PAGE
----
Sarah Joy Hopkin says her original plan was to get married next summer, but when the Vancouver resident heard her mother’s health was failing, she moved the date up a year and held the event at a Waterloo long-term care home, ont. easy peasy.
“There’s really nothing else I would want other than … to have my mom there,” Hopkin, who is getting married today, said this week while standing at his mother’s bedside.
After a couple of recent health issues left his mother bedridden, Hopkin decided to bring the wedding to the Parkwood Senior Community in Waterloo, also known as the Parkwood Mennonite Home, where Judi Hopkin could receive support. she needed to attend the ceremony and spend invaluable time with her. daughter.
Judi was placed in hospice care and given several months to live, but her spirits were running high in the days leading up to the wedding.
“I thought, ‘Oh please take me to the wedding. Take me to the wedding,'” she said.
Judi has spent the last three years at Parkwood Seniors Community in a form of isolation that rivals that of COVID-19. Her condition has made mobility nearly impossible.
“I really only know this room,” she said, adding that the wedding “has opened up all of Parkwood for me in so many ways.”
Wedding is home talk LTC
Originally, her daughter requested a small ceremony just for the immediate family in Judy’s room for her marriage to Chris Jimmo.
When she spoke with Parkwood CEO Christine Normandeau, she thought she would be in for some doubt, especially so soon after COVID-19 restrictions were lifted. But Normandeau thought they could do more.
“I thought it was wonderful,” Normandeau said.
Now what was a private family event has become “the talk of the town,” said Sarah Joy Hopkin.
The ceremony was not only approved, but moved to the facility’s Fellowship Hall, the largest room in the house.
Parkwood also provides flowers, piano tuning, extra cleaning, access to audiovisual equipment and use of the kitchen, the bride-to-be said. There are expected to be 70 guests at the event.
“We never imagined this would be possible. The Parkwood staff has gone above and beyond to make this day a joyous celebration of love and community.”
Judi’s personal support worker, Jaime Kissak, will also be there for the big day.
“I think this is really exciting,” Kissak said, saying it’s been such a positive event to focus on post-pandemic. “Right from the start, Judi and I really clicked. I mean, she’s a very adorable person,” he said.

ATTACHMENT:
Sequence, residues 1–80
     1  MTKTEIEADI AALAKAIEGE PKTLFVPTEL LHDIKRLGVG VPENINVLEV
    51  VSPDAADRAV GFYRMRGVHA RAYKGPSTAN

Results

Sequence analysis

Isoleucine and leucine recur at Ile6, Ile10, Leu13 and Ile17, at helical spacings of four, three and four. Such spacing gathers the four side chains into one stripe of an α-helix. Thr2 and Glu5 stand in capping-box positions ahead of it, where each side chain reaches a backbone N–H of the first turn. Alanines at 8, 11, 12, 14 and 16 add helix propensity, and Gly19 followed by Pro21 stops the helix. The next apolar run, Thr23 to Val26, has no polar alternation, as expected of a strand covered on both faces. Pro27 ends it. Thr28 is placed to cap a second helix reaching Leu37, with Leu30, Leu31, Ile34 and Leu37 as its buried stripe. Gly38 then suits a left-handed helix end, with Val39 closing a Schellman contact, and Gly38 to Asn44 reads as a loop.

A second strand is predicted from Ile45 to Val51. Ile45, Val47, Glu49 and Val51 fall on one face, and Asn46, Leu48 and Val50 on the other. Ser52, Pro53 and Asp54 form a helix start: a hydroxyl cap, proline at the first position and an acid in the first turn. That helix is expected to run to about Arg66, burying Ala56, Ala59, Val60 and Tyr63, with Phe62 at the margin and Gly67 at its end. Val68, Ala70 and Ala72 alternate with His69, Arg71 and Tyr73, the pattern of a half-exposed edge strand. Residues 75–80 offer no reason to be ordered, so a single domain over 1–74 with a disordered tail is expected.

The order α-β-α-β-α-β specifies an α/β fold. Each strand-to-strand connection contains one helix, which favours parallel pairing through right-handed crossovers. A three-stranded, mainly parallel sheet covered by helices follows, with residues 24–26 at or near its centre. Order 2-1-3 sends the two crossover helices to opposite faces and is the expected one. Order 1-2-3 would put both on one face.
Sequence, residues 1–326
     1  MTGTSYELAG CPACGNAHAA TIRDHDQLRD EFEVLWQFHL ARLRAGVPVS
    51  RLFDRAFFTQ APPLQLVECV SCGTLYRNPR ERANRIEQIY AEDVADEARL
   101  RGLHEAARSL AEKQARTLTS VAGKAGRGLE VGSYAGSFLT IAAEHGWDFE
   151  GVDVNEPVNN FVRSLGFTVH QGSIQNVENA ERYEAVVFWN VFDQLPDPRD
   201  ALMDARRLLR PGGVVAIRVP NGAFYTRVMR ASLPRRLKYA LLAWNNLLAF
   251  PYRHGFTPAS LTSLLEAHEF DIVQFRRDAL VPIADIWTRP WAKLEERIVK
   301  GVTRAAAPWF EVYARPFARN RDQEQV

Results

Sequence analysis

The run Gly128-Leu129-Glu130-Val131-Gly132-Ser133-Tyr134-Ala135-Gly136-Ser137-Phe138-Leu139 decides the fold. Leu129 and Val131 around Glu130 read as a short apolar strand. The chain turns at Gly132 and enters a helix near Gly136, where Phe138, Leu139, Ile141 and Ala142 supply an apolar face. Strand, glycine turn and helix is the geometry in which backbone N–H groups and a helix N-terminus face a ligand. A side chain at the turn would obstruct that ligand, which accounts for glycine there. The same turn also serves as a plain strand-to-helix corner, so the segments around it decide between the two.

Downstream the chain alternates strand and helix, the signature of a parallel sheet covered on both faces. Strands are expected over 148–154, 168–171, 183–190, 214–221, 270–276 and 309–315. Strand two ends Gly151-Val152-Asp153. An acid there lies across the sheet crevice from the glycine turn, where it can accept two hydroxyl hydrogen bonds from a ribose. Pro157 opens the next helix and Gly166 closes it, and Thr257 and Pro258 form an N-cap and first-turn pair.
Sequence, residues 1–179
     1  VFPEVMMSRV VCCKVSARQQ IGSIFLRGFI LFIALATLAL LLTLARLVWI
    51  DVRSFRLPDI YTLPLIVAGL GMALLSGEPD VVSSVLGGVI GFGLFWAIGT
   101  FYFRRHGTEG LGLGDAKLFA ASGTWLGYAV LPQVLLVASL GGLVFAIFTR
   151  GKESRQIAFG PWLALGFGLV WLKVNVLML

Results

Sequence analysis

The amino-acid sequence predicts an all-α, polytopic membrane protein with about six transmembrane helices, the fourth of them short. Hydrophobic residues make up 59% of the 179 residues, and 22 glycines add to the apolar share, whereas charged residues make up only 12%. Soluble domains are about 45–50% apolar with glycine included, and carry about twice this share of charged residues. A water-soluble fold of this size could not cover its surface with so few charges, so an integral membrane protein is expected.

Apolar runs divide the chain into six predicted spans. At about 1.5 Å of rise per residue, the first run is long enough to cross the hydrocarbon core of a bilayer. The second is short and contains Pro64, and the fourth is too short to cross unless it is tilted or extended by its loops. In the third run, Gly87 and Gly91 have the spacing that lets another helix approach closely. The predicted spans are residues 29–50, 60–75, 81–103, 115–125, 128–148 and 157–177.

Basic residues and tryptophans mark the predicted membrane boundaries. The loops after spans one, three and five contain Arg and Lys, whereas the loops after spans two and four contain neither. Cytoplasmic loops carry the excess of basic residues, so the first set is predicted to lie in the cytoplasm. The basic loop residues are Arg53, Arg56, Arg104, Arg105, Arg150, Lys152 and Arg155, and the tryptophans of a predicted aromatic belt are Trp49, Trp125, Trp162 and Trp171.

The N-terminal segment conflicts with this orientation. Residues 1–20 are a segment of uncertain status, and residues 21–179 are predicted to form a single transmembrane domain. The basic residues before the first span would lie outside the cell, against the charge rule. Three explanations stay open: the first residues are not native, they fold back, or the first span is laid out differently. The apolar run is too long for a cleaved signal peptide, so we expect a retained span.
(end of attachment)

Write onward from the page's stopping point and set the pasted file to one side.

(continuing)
“She’s really comfortable with me and I’ll make sure she’s comfortable. Whatever she needs, I’m there.”
Other residents have also been involved in the preparations. Before Saturday’s ceremony, a table of mid-20th-century wedding photos was displayed along with wedding dresses, kept in pristine condition over the years.
Normandeau highlighted the importance of the exhibit and how it provides “meaningful opportunities for people to reflect and remember.”
“This wedding has allowed so many people to come together in what is truly a significant ceremony of life, one that everyone can support.”
From a bumpy start to a ‘I do’
Hopkins met Jimmo just before the COVID-19 lockdown began in BC. The couple matched with each other on not one, but two separate online dating sites.
“It was definite that we had to get out,” Jimmo said.
For their first date, Jimmo took Hopkin, who was a non-drinking vegetarian at the time, to Vancouver’s Shameful Tiki Room, a cocktail bar specializing in meat dishes. Jimmo, who works in visual effects for television, said he learned during the meeting that Hopkins didn’t even have a television.
“I thought, well, maybe I’ll go on a second date, but probably not,” she said. “Three strikes, done.”
Hopkins’ first impression was Jimmo’s attention to detail.
“I had the Hawaiian shirt that matched the decor in the tiki room. And the tiki room is a very difficult restaurant to get into. They don’t take reservations,” he said. “I was impressed with the effort he had put in.”
Jimmo then admitted that he had spent half an hour in the pouring rain, just to make sure they got inside.
They casually dated for the next three months “and then ended up moving in by chance. She moved in with me right at the start of COVID,” Hopkin said.
“It just went from there.”
Walking down the aisle to the tune of Elvis
A bigger wedding for Hopkins means more friends and family can join them for the big day.
Close friends provide the music and cupcakes while your uncle will officiate. Hopkins’ sister is the bridesmaid and the bridesmaids are his nieces, ages 11 and 13.
“It’s kind of like an extension of the community. It really has been a community,” Hopkin said.
Will walk down the aisle with 70 voices singing Elvis I can not help Falling in Love.
“I told my mom that, and that was one of the songs that was really special to her and my dad. So it came full circle.”
Judi said that being able to attend the wedding, “to me, that’s so powerful.”
She said that everyone at Parkwood has gone a step further and she is touched by the efforts.
“From the top to the caregivers and the chaplain, everyone has been amazing in helping me make sure that I can do what I can to be a part of this,” Judi said. “It’s really significant.”